Slippin’ and Slidin’ on Grass

How did Rafael Nadal fare against Ivo Karlovic on the slick grass surface at Queen’s?z

It’s been cold and damp in London this week and that means everyone has been slippin’ and slidin’ on the grass at Queen’s Club. Andy Murray fell four times and somehow managed to land on his thumb during one of those falls. Of course, Murray is always falling down then getting up and playing magnificently so we can’t go by that. But it happened to Rafael Nadal too and it cost him a point as he slid into the net.

It coulda been worse. Fernando Gonzalez was playing Ivo Karlovic and he got just a tad frustrated. First he smashed a ball – ball abuse, warning. Then he smashed a racket – racket abuse, loss of point. Then he sent another ball flying – ball abuse, loss of game. And that was match over because he was down 5-6 in the second set and he’d already lost the first set. Maybe he got confused and thought John McEnroe was on the other side of the net meaning that such behavior was allowed.

Since the court is slippery enough to let balls skid across the surface instead of grab and spin, I wondered how the match between clay court master/topspin killer Rafael Nadal and super-tall serving machine/totally frustrating Karlovic would play out.

Here’s one answer: At 2-2 in the first set, Karlovic hit a second serve ace, a service winner – the ball careened off the frame of Nadal’s racket, and an almost ace – Nadal started to walk to the other side of the court and Karlovic challenged the call but it was just wide. The game ended on another ace and the longest point had two strokes (who says grass it too slow these days?).

The points on Nadal’s serve were a bit longer but not much. And since Karlovic is 6ft 10in (208cm), his movement isn’t as nimble as most other players so Nadal was able to hit behind Karlovic and generally make his life miserable if he didn’t get his first serve in. Nadal is number one in three of the four return of serve statistical categories in the ATP statistics, while Karlovic is ranked 56th in three of the four return of serve categories.

It’s tempting to say that this was a match of opposites given those statistical rankings – the return of serve expert versus the guy who can’t return but does have the most aces on tour and holds his serve more often than anyone not named Andy Roddick, and it did work out that way as Nadal got only two break points – neither of which he converted – and Karlovic got no break points while serving up 35 aces.

But there was one more statistic that contributed to this match and it’s a surprising stat: Karlovic’s career record in tiebreakers is 129-127. I don’t know Roddick’s career tiebreak record but I do know he once won 18 tiebreaks in a row and it’s surprising that Karlovic is barely even in tiebreaks with that serve of his. That may also explain his mediocre record at Wimbledon. He’s lost in the first round the last three years and during that time he lost five out of seven tiebreakers.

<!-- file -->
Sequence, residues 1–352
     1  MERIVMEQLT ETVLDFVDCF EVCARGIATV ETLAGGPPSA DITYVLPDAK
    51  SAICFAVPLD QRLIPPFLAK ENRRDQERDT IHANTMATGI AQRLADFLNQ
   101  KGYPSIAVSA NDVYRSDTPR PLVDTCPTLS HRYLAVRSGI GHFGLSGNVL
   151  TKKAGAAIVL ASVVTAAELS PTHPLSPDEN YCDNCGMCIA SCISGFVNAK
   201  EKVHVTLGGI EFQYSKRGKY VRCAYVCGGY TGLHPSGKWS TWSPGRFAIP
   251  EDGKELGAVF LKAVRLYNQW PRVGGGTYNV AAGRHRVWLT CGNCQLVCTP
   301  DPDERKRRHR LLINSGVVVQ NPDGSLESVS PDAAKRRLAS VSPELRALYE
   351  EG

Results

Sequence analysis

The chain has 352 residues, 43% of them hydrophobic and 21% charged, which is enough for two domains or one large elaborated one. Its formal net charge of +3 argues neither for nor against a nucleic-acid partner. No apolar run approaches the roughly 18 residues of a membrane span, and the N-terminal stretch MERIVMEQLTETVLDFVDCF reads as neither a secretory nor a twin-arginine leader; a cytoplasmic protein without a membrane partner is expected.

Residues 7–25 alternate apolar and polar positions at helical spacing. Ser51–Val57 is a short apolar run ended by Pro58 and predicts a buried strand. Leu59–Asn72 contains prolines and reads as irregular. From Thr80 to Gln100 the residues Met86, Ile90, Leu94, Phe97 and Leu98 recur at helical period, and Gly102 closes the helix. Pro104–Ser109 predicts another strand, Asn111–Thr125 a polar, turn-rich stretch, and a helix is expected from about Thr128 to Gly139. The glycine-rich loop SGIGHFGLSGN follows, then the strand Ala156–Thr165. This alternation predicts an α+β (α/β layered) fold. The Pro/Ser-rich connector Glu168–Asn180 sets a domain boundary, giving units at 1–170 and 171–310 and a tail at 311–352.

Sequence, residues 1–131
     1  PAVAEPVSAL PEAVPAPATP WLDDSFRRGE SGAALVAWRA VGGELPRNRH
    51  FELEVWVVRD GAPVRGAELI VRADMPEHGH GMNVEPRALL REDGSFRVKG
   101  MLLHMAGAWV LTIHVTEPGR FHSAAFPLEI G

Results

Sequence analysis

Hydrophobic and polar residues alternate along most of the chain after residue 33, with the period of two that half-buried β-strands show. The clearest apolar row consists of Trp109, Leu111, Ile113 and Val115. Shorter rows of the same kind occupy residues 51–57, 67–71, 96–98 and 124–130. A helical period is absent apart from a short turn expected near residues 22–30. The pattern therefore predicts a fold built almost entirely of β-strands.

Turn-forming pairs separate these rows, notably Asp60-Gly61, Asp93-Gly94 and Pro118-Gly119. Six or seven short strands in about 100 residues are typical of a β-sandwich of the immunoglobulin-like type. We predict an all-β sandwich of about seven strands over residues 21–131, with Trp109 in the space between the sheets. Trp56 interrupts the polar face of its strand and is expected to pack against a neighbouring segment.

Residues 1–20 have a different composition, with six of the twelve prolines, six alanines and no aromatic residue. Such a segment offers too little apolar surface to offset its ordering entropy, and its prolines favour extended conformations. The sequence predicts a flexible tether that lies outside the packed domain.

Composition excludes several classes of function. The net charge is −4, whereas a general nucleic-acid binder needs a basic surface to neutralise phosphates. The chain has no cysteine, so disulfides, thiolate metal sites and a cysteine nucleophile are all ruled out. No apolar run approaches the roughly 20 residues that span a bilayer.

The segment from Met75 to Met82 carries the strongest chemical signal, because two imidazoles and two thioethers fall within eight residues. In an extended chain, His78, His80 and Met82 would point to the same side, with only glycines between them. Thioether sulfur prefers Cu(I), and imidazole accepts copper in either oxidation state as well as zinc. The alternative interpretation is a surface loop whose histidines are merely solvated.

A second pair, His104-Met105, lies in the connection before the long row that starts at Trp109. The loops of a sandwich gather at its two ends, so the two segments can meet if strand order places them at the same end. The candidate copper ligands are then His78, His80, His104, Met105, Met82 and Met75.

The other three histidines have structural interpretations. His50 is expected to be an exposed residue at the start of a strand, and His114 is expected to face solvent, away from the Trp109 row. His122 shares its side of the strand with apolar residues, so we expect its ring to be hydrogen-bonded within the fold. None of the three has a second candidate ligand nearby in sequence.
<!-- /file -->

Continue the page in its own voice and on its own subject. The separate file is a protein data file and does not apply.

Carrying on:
As you should have guessed by now, there were no breaks and we were treated to three straight tiebreakers (who says grass is too slow these days?). Did those tiebreakers give us any clues to Karlovic’s tiebreak problems?

Karlovic won the first tiebreaker by one point – a double fault by Nadal – and served up two aces. Karlovic lost the second one by one point – an excellent return on a tough first serve by Nadal followed up by a passing shot – but Karlovic hit zero aces. In the third one, Karlovic again had two aces but the difference was another beautiful return by Nadal who won the tiebreaker and the match, 6-7(5), 7-6(5), 7-6(4).

Today the defensive skills beat the offensive skills despite those incredible 35 aces. The difference was a few points and the best players win those points – that’s why they’re the best players. Sorry Ivo, the only thing I can tell you is this: “Play the critical points with more focus and you too can make your way into the top ten. You’re only 12 rankings places away after all.”

This match tells me more about Nadal than Karlovic in any case. I was talking to a tennis buddy this morning about Bjorn Borg’s back to back Roland Garros/Wimbledon titles and how much harder they must have been in an era where the grass was faster and Borg faced many more serve and volleyers, a few of them legendary. No doubt Queen’s is still slower than the Wimbledon of old, but you gotta give it to Rafa, this was an impressive performance and tomorrow he gets to do it again.

Roddick got a walkover today because Murray pulled out with that offending thumb, so Roddick will meet up with Nadal tomorrow in the semifinals. There are lots of parallels between the match today and tomorrow but there are also a few important differences. Roddick can do tiebreakers and he can also move better than Karlovic. He can’t cover the net as well but with the way the grass is playing, if he can’t get past Nadal, that’s a problem. Roddick could meet Nadal as early as the quarterfinals at Wimbledon and that will play a lot slower. If he can’t beat Nadal here, it’s not likely to happen at Wimbledon.

Who’re you taking, Roddick or Rafa?